Working Americans spend about 2,000 hours per year in the workplace. All of these hours can take a toll on your eyes, back, arms, and neck.
Exposure to adverse working conditions can result in momentary pain or long-term injury. Moreover, poorly designed working environments contribute to reduced efficiency, decreased production, loss of income, increased medical claims and permanent disability.
The ultimate goal of ergonomics is to design the workplace so that it accommodates the variety of human capabilities and limitations to prevent musculoskeletal disorders (MSDs). While designing ergonomic hazards out of the workplace is ideal, other measures such as administrative controls (including training or employee rotation) and changes to work practices are often more feasible initially.
How MSDs Occur
MSDs are a family of muscle, tendon, and nerve disorders that are caused, accelerated or aggravated by repeated movements of the body, particularly when awkward postures, high forces, contact stresses, vibration and exposure to cold are evident. The hands, wrists, arms, shoulders, neck, and back are composed of a complex network of nerves, bones, tendons, and fluid. Irritation of these tissues during certain work activities can, over time, result in elevated fluid pressure around nerves. This can cause compression and may eventually cause nerve damage. Nerves can also be damaged by pressure from inflamed tendons. Carpal tunnel syndrome is a common example of this: The median nerve in the wrist becomes compressed and ultimately damaged as tendon structures swell. A chief cause of this is repeated or sustained work involving high force or using a bent or extended wrist.
Unfortunately, since repetition is one of the key factors in causing MSDs, non-work related activities, such as needlework, gardening, fly-casting and bowling can also affect the progress of the illness and recovery. These activities may aggravate a work-related or generate a non work-related MSD. This can make it difficult at times to identify the main cause of a person’s disorder.
Applying ergonomics to the workplace will help you and your employer strike a proper balance between work requirements and staff capabilities, lessening the likelihood of MSDs arising.
Making Your Computer Truly “User-Friendly”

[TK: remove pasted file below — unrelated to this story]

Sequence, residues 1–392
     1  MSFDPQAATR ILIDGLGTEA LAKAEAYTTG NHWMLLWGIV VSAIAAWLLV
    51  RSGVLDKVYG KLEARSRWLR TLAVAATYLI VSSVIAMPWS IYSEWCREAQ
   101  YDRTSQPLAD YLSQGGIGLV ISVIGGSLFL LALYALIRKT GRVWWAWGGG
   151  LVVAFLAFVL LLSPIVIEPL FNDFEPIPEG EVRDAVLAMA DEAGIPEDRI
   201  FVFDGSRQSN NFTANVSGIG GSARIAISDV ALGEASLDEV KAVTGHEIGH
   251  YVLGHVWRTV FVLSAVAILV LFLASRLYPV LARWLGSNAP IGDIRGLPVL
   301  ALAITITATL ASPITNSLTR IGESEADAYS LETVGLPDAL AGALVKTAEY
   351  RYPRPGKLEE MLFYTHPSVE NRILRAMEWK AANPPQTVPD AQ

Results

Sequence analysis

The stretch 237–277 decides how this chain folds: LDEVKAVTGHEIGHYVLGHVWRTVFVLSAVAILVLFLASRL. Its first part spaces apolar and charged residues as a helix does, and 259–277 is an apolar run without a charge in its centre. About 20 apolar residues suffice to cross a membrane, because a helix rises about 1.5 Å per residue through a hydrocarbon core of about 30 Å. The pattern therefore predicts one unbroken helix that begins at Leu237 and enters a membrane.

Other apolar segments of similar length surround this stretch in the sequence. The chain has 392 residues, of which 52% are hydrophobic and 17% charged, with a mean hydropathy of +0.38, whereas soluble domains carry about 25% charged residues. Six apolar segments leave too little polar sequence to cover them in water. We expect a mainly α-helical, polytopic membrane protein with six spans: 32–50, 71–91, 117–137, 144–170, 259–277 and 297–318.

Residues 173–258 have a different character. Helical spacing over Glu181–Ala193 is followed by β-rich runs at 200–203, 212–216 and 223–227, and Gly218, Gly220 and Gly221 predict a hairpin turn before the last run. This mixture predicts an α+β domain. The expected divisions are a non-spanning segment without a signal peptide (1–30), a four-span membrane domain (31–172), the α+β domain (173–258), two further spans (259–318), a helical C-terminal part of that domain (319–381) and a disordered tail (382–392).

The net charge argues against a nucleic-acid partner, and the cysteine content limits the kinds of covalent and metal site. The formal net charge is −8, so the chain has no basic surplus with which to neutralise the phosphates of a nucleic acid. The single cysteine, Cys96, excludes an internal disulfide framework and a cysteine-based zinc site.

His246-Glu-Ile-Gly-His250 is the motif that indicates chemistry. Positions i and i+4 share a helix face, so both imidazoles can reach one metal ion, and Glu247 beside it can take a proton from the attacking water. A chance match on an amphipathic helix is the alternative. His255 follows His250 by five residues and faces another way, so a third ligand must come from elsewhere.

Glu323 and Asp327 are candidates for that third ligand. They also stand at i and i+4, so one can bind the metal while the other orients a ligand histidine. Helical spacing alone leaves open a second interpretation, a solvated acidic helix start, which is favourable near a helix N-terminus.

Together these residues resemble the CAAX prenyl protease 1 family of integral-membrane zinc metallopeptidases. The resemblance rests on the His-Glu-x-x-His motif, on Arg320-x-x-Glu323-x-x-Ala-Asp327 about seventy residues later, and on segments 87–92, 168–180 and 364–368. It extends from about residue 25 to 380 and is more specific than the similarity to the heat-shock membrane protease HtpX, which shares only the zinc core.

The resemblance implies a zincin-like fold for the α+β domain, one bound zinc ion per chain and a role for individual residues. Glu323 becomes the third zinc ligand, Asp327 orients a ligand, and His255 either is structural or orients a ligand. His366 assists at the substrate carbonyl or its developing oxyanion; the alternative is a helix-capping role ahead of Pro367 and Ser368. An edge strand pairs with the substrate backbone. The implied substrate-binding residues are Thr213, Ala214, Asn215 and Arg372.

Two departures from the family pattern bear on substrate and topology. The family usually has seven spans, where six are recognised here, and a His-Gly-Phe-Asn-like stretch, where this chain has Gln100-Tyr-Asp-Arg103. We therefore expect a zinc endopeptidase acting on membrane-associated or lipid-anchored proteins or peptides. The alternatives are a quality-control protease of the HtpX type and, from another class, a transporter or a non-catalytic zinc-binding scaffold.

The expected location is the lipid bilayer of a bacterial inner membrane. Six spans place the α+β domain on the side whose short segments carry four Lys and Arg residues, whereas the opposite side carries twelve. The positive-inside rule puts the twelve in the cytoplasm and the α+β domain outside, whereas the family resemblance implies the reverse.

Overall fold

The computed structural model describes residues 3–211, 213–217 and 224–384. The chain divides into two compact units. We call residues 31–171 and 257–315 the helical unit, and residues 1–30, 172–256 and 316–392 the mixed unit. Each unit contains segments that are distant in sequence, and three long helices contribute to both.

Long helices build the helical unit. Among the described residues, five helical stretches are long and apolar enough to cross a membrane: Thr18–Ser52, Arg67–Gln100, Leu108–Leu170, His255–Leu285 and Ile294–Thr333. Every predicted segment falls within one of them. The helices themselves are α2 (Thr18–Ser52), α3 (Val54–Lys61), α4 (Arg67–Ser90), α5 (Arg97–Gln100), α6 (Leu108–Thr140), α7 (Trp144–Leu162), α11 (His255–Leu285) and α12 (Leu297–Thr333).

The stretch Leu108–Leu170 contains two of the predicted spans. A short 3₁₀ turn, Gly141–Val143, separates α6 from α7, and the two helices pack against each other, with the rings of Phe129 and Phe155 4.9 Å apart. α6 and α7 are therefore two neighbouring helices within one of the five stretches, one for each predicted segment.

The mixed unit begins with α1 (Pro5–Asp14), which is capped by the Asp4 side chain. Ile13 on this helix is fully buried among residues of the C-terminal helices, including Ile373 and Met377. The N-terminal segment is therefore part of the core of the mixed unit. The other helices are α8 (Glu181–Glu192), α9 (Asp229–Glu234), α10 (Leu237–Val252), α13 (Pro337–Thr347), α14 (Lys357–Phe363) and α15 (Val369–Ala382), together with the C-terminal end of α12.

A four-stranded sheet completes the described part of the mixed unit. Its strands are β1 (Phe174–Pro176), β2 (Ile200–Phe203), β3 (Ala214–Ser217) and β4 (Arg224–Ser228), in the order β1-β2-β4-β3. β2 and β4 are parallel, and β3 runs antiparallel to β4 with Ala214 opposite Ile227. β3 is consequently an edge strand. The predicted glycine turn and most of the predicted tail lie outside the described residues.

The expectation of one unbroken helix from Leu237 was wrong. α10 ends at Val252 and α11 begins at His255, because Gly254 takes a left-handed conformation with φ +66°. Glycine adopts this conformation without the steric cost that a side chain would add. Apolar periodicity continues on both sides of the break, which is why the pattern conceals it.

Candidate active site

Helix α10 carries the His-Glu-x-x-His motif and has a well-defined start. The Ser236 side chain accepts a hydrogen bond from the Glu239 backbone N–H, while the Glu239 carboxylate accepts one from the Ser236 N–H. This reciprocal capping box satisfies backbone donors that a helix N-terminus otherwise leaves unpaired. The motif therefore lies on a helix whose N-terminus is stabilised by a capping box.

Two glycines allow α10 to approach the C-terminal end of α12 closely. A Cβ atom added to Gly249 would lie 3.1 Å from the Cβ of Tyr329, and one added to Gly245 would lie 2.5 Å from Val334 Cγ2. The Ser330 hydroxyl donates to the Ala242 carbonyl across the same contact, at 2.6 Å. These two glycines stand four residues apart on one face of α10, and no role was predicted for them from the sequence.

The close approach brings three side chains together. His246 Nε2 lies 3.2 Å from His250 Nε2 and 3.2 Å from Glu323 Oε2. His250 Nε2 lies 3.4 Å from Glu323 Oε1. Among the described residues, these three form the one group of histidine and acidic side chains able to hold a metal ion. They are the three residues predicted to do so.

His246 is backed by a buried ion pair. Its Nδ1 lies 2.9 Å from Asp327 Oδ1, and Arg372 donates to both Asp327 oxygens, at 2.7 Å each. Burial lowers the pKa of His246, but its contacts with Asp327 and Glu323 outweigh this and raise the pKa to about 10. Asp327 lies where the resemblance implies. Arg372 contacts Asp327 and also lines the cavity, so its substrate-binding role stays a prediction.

Many computer jobs offer few opportunities for alternate activities or postures, and, thanks to the fluidity of computer keyboards, workers can key faster and for longer uninterrupted stretches than ever before.
Although your own work habits can contribute to back and shoulder pain, using good posture is not a simple matter of finding the “right” position in which to sit. Even “poor” postures (feet up on chair rungs, slumping, twisting your body into odd positions) can prove comfortable if you don’t remain in them for extended periods of time. In fact, shifting about periodically proves useful for many people.
Ergonomic specialists recommend the following changes to your behavior and work environment to avoid back, neck, and shoulder pain:
Change your body position periodically throughout the day.
Use a document stand to reduce the amount of neck twisting or bending forward if typing from a source document.
Position your keyboard directly in front of you and at approximately elbow height. This should enable you to type with straight wrists. If this is not possible with the keyboard atop the work surface, use an adjustable-height keyboard tray.
Center your monitor with your keyboard and chair.
Avoid ear-to-shoulder neck positioning while on the phone. Use a telephone headset that will allow you to work on the computer with good posture while on the phone.
Rearrange the work area to avoid excess bending, stooping, and reaching.
Try to relax. Many injuries and painful episodes arise from continuously tensing your neck and shoulder muscles while working.
A good chair can contribute significantly to reducing the risk of lower back pain or injury. A good ergonomic chair includes all or most of the following characteristics, not just one or two:
Adjustable lumbar support that maintains the natural “S” curvature of the spine
Angle between the backrest and seat that allows you to sit without leaning forward uncomfortably
Slightly inclined backrest
Allows for a variety of seated postures
Seat height adjustability
Seat pan depth adjustability
Soft, rounded edges
Size that fits you
High backrest or headrest for deeply reclining postures
Comfortable but slip-resistant fabric
Casters that are appropriate for the floor surface